*Corresponding Author: Department of Medical Physics, Tarbiat Modares University, Tehran, Iran. Tel: +98 21 82883821, E-mail: [email protected]

Mohsen Mosayebi Samani al

different physiological and psychological factors that can confound the tDCS results, including attention, background muscle activity, and muscle fatigue. Out of these factors, the recent studies have drawn special attention to the intra-subject consistency and reliability of response to tDCS. In this regard, Dyke et al. [24] used transcranial magnetic stimulation recruitment curve to measure the changes in cortical excitability after applying 2 mA anodal, cathodal, and sham tDCS over the motor cortex for 20 min. They found that the anodal tDCS significantly increased the cortical excitability at a group level, whereas cathodal tDCS failed to have any significant effects in this regard. Their results showed that the anodal and cathodal tDCS exhibited poor reliability at an individual level. A recent metaanalysis of tDCS studies also highlighted that the probabilities of achieving the classical “anodalfacilitatory/cathodal-inhibitory” effect on motor and cognitive outcomes were only 0.67 and 0.16, respectively [25]. Given the variation and complexity of the factors affecting the outcomes, it is very difficult to simultaneously measure or examine the independent roles of each factor in the creation of different responses. In addition, the direct measurement of electrical current in a person’s brain is complex and carries an element of risk. The intensity and direction of the electrical field applied to a cell is the main factor in changing the cell excitability [26]. Furthermore, the geometry and physics of the brain tissues are the main factors affecting the change in size and direction of electrical field distribution in the brain [27]. Regarding this, a better understanding of the creation of response variability can be obtained by modeling the electrical current distribution in the brain. Prior to the introduction of the numerical solution methods to calculate the brain current distribution, the analytical methods were utilized [28]. However, in the analytical methods, the structural complexity is not extensible, and the electrodes are normally considered as points, even though differently shaped electrodes can have different effects [29]. Currently, a standard modeling method, which is based on numerical solutions, is used for the calculation of the brain electrical current distribution [27]. In order to examine the brain current distribution, Salvador et al. [30] designed a threedimensional (3D) model of head geometry extracted from the magnetic resonance imaging (MRI), including scalp, skull, cerebrospinal fluid (CSF), and gray and white matter. Cylindrical anode and cathode electrodes were used and a current of 1 mA was applied to the anode. The results of the simulation indicated that in contrast to analytical modeling results, which predicted that the maximum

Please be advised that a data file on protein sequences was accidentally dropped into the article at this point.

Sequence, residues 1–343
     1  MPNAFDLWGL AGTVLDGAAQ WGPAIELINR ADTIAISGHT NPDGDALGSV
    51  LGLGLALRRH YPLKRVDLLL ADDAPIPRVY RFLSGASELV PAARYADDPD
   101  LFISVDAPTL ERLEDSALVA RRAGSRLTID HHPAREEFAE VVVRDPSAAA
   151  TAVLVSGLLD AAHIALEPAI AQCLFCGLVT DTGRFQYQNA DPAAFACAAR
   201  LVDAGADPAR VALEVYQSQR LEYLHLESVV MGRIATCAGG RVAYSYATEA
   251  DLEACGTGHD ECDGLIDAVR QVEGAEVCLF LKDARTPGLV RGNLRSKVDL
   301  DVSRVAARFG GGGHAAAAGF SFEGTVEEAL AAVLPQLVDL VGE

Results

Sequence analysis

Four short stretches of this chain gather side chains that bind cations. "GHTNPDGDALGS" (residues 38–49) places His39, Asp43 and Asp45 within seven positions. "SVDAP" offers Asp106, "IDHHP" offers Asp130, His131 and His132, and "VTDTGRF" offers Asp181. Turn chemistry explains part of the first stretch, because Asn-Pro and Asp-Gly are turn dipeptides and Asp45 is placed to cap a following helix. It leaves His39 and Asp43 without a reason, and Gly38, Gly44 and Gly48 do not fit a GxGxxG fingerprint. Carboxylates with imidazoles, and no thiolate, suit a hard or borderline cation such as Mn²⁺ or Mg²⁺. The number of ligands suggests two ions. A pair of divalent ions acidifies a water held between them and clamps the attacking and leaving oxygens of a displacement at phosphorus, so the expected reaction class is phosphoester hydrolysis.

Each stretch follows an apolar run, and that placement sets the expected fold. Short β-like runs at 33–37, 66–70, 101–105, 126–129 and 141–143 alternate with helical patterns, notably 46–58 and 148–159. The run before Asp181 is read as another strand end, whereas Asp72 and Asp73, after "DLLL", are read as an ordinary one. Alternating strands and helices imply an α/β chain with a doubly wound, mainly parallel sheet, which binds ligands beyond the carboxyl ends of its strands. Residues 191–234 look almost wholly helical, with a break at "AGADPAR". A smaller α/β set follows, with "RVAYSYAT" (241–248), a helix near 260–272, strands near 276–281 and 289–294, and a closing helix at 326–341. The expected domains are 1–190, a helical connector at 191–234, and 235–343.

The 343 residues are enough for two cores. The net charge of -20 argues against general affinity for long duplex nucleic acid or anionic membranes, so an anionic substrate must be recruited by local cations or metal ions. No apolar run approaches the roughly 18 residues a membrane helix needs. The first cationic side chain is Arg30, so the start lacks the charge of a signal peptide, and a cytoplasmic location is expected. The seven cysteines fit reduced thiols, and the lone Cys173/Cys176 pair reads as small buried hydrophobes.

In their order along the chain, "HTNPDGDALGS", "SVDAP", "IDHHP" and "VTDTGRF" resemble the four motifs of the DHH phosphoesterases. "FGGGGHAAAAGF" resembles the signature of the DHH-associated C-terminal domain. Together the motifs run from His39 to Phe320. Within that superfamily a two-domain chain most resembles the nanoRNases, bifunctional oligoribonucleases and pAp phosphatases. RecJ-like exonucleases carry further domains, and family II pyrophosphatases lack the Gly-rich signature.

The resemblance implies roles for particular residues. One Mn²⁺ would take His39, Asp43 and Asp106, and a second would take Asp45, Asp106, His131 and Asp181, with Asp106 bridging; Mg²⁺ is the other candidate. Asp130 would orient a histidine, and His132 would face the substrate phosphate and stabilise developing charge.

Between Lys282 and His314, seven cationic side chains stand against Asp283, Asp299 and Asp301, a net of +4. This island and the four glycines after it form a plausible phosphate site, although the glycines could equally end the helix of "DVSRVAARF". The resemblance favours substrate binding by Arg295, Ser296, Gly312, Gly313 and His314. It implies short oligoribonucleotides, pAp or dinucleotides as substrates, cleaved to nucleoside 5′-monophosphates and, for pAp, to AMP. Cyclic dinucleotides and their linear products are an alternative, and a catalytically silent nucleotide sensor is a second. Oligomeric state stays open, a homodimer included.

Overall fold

204

FE model of individual differences in tDCS

current density was on gyri close to the electrode, the maximum density was located at a point in the sulci. In addition, in the mentioned study, it was shown that the changes in the skull electrical conductivity had a major effect on the change of the electrical current magnitude, but a lesser effect on changes of the distribution. Furthermore, the results demonstrated that the changes in the skull and CSF electrical conductivity modified the size and distribution of the electrical current to a great extent. As a result, it is of critical importance to select a suitable electrical conductivity for each subject. However, in the mentioned study, the brain tissues were assumed to be isotropic, which was contrary to reality. In another study, Data et al. [27] used a new electrode configuration (i.e., ring electrode) to increase the focality of the electrical current. The results of the modeling revealed that the new electrode configuration focalized the current below the electrode in the desired region. However, as brain tissues were assumed to be isotropic in the mentioned study, and the whole brain (i.e., white and gray matter) was considered as one single type of brain tissue, the accuracy of the modeling was reduced. In addition, Suh et al. [31] investigated the effect of anisotropy of the skull and white matter on the current focalization using a 3D model of the head and finite element (FE) analysis. They demonstrated that taking into account the anisotropy of the brain tissue significantly reduced the current focalization in the ring electrode configuration [27]. There are different anatomical features that influence the current distribution, such as skull thickness [32], subcutaneous fat [20], gyral pattern [33], and orientation of neurons [34]. In a recent study, among these features, CSF thickness was highlighted as a primary factor affecting an individual’s electric field [35]. In the mentioned study, the researchers used a MRI finite-element method to computationally estimate the current distribution through the brain of 24 healthy subjects during the tDCS of motor cortex. In the mentioned study, a group-level statistical analysis on the surface-based inter-subject registration of the electric field and functional MRI data showed that the distance of the hand motor area (HMA) to the inner boundary of the skull was the most important single factor affecting the calculated electric fields. They reported that this factor explained about one-half of the variations in the subject-specific electric fields. This distance was related to the thickness of the CSF, and it was determined by both the total volume of the CSF and the individual cortical morphology of the HMA. They